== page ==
4 Tips for Combating Loneliness in Your RecoveryAnna Ciulla
Loneliness may now be a bigger public health threat than obesity, according to a 2017 report by the American Psychological Association. And for people in recovery, loneliness accompanied by a tendency to self-isolate can trigger a relapse. Yet the reality is that all of us feel lonely at one point or another. Loneliness is part of the human condition. The question is, “How do you cope with loneliness in healthy ways?”
Here I’ll throw out some answers that will help you cope with loneliness and use it as a vehicle for progress in your recovery:
1. Be mindful of and accept feelings of loneliness.
A regular practice of mindful meditation is one way to build greater emotional self-awareness, so that you’re able to cue into these feelings and accept and even embrace them as part of the present reality. You can’t really attend to your loneliness in healthy ways if you’re not actually aware that it’s there.
On the contrary, lack of awareness is often associated with unconscious efforts to repress these feelings that can make us feel sad or unloved. The temptation is to distract oneself with empty, unfulfilling and in some cases downright unhealthy diversions like drinking or using drugs. Don’t do it. Instead, get connected with your breath and cue in to your loneliness without judging it or trying to fix it. If you’re practicing the 12 Steps, you may even want to thank your Higher Power for these feelings and ask your Higher Power to be with you in this moment.
2. Don’t self-isolate. Listen to your loneliness by reaching out to a friend, therapist, sponsor and/or your peer support group.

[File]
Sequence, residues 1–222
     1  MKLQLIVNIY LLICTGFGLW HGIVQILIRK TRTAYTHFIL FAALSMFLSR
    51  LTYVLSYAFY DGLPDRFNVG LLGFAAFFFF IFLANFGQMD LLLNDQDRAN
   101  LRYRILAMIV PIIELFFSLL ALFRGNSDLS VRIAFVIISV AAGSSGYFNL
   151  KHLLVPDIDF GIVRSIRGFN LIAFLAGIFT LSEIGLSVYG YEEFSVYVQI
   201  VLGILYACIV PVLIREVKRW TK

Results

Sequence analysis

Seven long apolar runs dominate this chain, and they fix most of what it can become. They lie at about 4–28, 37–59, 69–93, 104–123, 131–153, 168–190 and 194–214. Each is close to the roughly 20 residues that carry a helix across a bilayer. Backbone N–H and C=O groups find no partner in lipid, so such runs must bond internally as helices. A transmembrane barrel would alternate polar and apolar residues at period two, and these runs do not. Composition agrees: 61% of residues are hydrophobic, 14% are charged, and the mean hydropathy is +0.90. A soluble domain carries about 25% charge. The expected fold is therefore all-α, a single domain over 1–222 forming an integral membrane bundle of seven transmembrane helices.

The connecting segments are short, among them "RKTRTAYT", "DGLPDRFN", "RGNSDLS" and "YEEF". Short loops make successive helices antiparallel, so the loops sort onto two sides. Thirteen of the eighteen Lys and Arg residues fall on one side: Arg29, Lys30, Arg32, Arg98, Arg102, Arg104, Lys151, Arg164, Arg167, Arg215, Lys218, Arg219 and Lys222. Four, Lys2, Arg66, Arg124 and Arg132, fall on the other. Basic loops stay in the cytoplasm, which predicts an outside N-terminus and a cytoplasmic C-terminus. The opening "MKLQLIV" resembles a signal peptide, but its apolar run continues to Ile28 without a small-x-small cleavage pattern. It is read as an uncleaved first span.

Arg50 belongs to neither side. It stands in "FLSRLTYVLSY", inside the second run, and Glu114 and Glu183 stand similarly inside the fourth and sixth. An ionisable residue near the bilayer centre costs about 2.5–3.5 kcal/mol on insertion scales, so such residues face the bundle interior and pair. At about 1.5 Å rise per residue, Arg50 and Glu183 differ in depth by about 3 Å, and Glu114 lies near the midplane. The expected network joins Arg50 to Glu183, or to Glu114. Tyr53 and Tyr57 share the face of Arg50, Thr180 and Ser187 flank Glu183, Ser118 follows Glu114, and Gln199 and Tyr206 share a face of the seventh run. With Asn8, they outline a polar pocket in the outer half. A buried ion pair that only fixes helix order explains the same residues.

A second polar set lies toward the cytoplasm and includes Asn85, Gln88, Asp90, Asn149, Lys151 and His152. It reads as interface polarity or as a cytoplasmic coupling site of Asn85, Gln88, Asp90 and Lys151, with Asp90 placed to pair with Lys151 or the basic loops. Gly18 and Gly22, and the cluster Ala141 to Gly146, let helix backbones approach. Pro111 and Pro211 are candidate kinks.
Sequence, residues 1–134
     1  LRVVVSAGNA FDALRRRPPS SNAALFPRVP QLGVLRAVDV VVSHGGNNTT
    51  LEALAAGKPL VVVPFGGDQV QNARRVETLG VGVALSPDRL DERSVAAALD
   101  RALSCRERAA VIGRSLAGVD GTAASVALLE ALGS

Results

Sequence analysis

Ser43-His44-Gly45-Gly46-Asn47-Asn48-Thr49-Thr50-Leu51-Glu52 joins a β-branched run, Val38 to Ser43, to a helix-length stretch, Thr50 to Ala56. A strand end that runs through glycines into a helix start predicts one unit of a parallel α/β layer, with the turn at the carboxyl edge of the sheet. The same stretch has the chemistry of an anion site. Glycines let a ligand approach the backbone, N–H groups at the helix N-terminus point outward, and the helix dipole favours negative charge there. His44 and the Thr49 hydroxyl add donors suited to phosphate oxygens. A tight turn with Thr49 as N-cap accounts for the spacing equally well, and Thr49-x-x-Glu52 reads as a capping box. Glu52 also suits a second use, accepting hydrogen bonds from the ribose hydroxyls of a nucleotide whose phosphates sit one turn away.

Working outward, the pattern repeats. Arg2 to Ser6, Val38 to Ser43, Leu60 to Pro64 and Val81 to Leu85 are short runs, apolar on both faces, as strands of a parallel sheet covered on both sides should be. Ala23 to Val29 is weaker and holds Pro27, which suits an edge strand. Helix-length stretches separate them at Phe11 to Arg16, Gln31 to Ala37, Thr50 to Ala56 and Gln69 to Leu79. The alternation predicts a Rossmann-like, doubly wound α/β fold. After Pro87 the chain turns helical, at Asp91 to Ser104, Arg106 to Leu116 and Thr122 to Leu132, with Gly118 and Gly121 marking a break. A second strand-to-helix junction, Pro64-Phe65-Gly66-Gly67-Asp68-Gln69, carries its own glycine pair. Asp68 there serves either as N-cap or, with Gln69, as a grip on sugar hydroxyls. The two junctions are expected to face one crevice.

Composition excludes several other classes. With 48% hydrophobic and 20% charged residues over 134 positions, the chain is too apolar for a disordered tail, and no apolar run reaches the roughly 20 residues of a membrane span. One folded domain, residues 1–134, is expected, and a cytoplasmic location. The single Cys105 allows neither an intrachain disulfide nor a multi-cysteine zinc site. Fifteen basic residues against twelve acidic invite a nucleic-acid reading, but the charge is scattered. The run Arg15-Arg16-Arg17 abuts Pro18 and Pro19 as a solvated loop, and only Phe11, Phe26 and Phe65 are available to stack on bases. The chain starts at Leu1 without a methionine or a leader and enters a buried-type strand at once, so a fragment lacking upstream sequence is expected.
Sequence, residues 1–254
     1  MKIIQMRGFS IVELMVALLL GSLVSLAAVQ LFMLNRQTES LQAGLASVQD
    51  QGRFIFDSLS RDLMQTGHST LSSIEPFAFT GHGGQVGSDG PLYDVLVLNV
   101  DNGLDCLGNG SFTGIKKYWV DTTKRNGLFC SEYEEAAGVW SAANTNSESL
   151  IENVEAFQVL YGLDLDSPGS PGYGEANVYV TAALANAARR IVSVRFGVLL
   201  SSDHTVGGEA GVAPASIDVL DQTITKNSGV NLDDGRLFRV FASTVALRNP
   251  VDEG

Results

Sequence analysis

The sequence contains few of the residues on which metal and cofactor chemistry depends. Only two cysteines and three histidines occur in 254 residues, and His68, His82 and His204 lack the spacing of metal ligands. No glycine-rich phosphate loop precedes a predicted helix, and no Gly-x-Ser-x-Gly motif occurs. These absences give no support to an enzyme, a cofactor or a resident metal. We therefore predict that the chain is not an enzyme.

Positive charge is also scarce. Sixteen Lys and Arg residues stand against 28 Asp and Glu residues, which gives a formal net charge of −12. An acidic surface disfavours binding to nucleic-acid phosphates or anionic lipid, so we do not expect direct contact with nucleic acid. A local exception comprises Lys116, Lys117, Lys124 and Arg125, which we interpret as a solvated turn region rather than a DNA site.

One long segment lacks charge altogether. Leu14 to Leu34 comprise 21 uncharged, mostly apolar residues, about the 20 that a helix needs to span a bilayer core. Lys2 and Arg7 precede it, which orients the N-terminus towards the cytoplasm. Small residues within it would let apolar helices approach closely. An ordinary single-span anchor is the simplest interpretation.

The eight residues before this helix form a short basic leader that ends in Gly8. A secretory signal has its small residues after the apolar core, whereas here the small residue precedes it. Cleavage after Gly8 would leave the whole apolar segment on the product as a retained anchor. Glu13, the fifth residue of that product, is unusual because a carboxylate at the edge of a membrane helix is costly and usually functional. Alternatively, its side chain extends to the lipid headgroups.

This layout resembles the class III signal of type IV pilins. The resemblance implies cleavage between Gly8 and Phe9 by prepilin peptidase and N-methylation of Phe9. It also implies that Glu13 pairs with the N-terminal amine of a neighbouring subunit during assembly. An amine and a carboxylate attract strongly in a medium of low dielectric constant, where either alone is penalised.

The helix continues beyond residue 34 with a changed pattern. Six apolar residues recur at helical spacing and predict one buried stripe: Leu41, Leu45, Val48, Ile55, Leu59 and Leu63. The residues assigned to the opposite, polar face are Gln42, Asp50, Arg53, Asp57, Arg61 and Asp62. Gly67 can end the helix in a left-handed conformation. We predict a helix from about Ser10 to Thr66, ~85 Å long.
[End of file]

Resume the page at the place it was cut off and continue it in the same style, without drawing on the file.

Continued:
Your loneliness is sending you a message—a message that in active addiction you once read as a cue to self-isolate. But that habit is what made you sick and progressively sicker.
Now that you’re in recovery and seeking to live a healthy lifestyle, you’ll need to get into a new habit of listening proactively to your feelings of loneliness. You can start to think of these feelings as a text alert that you receive on your Smartphone. The message reads, “I’m feeling lonely.” That can be the cue to pick up the phone and call someone in your support network.
3. Release any negative self-talk, shame or low self-esteem that you may be attaching to your loneliness.
If you’re already practicing a daily discipline of mindful meditation, this process of release may come more easily to you. (Mindful meditation teaches you to focus on your breath and the present moment, and to let thoughts or feelings that enter your conscious awareness float by as you return your focus to your breath.)
If you’re not practicing mindful meditation, you can still learn to notice and label negative inner reactions to feelings of loneliness. For example, you may discover that when feelings of loneliness come, you then tell yourself things like, “Nobody wants to be around me” or “I don’t have any friends.” If you catch yourself, start talking back to these negative messages and correcting their faulty logic. You can begin to count the people in your life who you know love you, saying thanks for them. Or, you can start listing the positive qualities that make you a person whom others want to be around.
In other cases, you may not notice an actual thought that accompanies the loneliness, but you may cue in to an overall sensation of being defective or not worthy enough for others’ company. This is shame talking. If this happens, push the “off” button on shame. (Sometimes rehearsing the motions of actually pretending to push an “off” button can drive home the point more effectively—the point being that your recovery doesn’t have time for shame.)
4. Reframe those unavoidable periods of loneliness that happen to all of us as opportunities to go on a fun date with yourself.
You are loved and one-of-a-kind: a sacred, unique and beautiful person who is fun to hang out with. When loneliness hits, then, take advantage of it as a chance to enjoy your own company!
You can find more helpful tips for coping with loneliness in this article in The Huffington Post.
But how have you coped with loneliness in your recovery? Share your insights and experience with the rest of us!